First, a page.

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Cambodia

TROPICAL Asia’s rice yields are at risk because of climate change, as evidence suggests higher temperatures have already cut growth rates as much as 20 percent in some areas, according the United Nation’s Food and Agricultural Organisation.

A report produced by the body analysed six years’ worth of data from 227 sites in Asia, including in Thailand and southern Vietnam.“Temperature trends are becoming more influential [on rice yields],” the report said. 

“Looking ahead, they imply a net negative impact on yield from moderate warming in coming decades.” 

Read more: Climate yields rice concerns

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Cambodian farmerUSAID has awarded a five-year, multi-million dollar contract, designed to improve Cambodia's food security.

The United States Government, through the U.S. Agency for International Development, or USAID, has awarded a five-year, multi-million dollar contract, designed to improve Cambodia's food security through enhanced agricultural development and better management of natural resources. The five-year contract was awarded to Fintrac, Incorporated, a highly-respected U.S.-based agribusiness consulting firm that develops agricultural solutions to end hunger and poverty.

This award will serve as U.S. Government's flagship food security activity in Cambodia. "Helping Address Rural Vulnerabilities and Ecosystems Stability", or "HARVEST", the Project, will work with public, private and civil society to strengthen food security by increasing agricultural productivity; raising the incomes of the rural poor; preparing the country to adapt to climate change; and reducing the number of Cambodians, especially women and children, suffering from malnutrition.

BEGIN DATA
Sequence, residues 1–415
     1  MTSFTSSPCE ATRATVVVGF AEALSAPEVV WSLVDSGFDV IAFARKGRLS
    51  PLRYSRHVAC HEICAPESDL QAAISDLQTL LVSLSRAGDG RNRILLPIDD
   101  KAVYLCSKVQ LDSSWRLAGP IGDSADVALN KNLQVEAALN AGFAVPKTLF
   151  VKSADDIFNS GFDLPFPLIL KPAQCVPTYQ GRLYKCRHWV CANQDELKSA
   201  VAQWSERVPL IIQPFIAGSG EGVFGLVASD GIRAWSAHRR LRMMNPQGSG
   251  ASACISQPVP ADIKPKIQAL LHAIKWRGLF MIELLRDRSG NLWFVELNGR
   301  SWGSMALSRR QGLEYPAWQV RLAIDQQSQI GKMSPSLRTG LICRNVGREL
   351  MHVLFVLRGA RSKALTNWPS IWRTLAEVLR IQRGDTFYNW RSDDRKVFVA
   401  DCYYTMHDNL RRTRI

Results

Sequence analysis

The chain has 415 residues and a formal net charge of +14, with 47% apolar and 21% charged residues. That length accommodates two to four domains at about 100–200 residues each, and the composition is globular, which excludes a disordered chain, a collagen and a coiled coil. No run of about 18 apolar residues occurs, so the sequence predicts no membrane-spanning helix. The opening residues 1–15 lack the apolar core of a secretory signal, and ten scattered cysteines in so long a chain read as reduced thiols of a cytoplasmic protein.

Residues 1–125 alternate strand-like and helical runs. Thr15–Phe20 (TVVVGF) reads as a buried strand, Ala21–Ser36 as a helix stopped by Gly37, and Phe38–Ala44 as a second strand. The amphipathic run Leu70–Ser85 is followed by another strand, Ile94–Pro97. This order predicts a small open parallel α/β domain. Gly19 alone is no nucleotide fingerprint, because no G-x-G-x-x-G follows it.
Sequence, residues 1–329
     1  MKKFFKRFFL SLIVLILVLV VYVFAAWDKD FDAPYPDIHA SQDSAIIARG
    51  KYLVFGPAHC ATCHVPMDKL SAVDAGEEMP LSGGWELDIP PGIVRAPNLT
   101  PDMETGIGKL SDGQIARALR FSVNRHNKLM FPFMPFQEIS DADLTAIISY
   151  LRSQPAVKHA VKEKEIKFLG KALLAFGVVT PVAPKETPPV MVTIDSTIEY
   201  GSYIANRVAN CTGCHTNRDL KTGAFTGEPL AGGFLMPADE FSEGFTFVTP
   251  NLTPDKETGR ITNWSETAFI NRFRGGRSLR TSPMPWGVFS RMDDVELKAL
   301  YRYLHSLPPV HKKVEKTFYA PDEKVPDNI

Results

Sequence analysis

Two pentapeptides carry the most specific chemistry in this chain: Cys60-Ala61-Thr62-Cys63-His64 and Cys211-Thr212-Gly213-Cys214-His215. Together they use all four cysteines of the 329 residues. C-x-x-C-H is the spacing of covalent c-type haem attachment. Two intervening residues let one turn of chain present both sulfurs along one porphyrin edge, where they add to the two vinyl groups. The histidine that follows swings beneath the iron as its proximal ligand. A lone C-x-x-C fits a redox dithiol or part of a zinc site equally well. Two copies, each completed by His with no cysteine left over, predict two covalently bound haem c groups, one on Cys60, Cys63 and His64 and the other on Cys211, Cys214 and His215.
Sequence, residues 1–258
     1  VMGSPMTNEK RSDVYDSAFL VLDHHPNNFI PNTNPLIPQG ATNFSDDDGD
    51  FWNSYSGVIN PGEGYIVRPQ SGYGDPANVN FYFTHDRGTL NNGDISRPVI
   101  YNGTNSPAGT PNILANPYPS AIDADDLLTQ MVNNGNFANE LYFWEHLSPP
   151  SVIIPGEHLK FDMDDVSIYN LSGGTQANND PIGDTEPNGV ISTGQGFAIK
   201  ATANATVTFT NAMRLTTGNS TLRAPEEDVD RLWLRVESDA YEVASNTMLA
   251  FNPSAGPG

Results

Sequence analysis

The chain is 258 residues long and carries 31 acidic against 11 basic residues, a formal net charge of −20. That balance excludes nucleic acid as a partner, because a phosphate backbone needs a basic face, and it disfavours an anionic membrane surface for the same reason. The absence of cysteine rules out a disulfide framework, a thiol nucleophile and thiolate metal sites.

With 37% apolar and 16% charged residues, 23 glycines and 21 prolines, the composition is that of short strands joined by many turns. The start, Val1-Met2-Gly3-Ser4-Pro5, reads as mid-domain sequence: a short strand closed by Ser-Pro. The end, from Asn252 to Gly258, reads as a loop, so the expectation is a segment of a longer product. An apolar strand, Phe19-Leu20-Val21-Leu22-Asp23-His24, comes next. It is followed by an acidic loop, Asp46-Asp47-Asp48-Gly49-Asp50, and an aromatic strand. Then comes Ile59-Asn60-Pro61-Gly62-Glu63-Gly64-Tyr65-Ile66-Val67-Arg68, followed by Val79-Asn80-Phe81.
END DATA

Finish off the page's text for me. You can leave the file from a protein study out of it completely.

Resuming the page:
Read more: Cambodia's Food Security

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A GREATER portion of Cambodia’s population is vulnerable to flooding than that of any other country in the Asia-Pacific region, according to a report assessing the impact of disasters. 

The Asia-Pacific Disaster Report 2010, released yesterday at a conference in South Korea by the United Nations, cites databases indicating that 12.2 percent of Cambodia’s population is exposed to flooding, followed closely by Bangladesh with 12.1 percent. Vietnam was third with 3.9 percent. 

In absolute terms, Cambodia was the fifth-most-affected country, with 1.7 million residents exposed to flooding. Bangladesh topped this list with 19.2 million, followed by India (15.8 million), China (3.9 million) and Vietnam (3.4 million).

The release of the report came as Cambodian officials said 17,648 families faced food shortages as a result of flooding that began on October 10. 

Also yesterday, Association of Southeast Asian Nations Secretary General Surin Pitsuwan said the issues of disaster management and climate change would be “highest on the agenda of ASEAN” as leaders from the 10-member bloc prepared to meet in Hanoi this week.

Read more: Flood danger stressed

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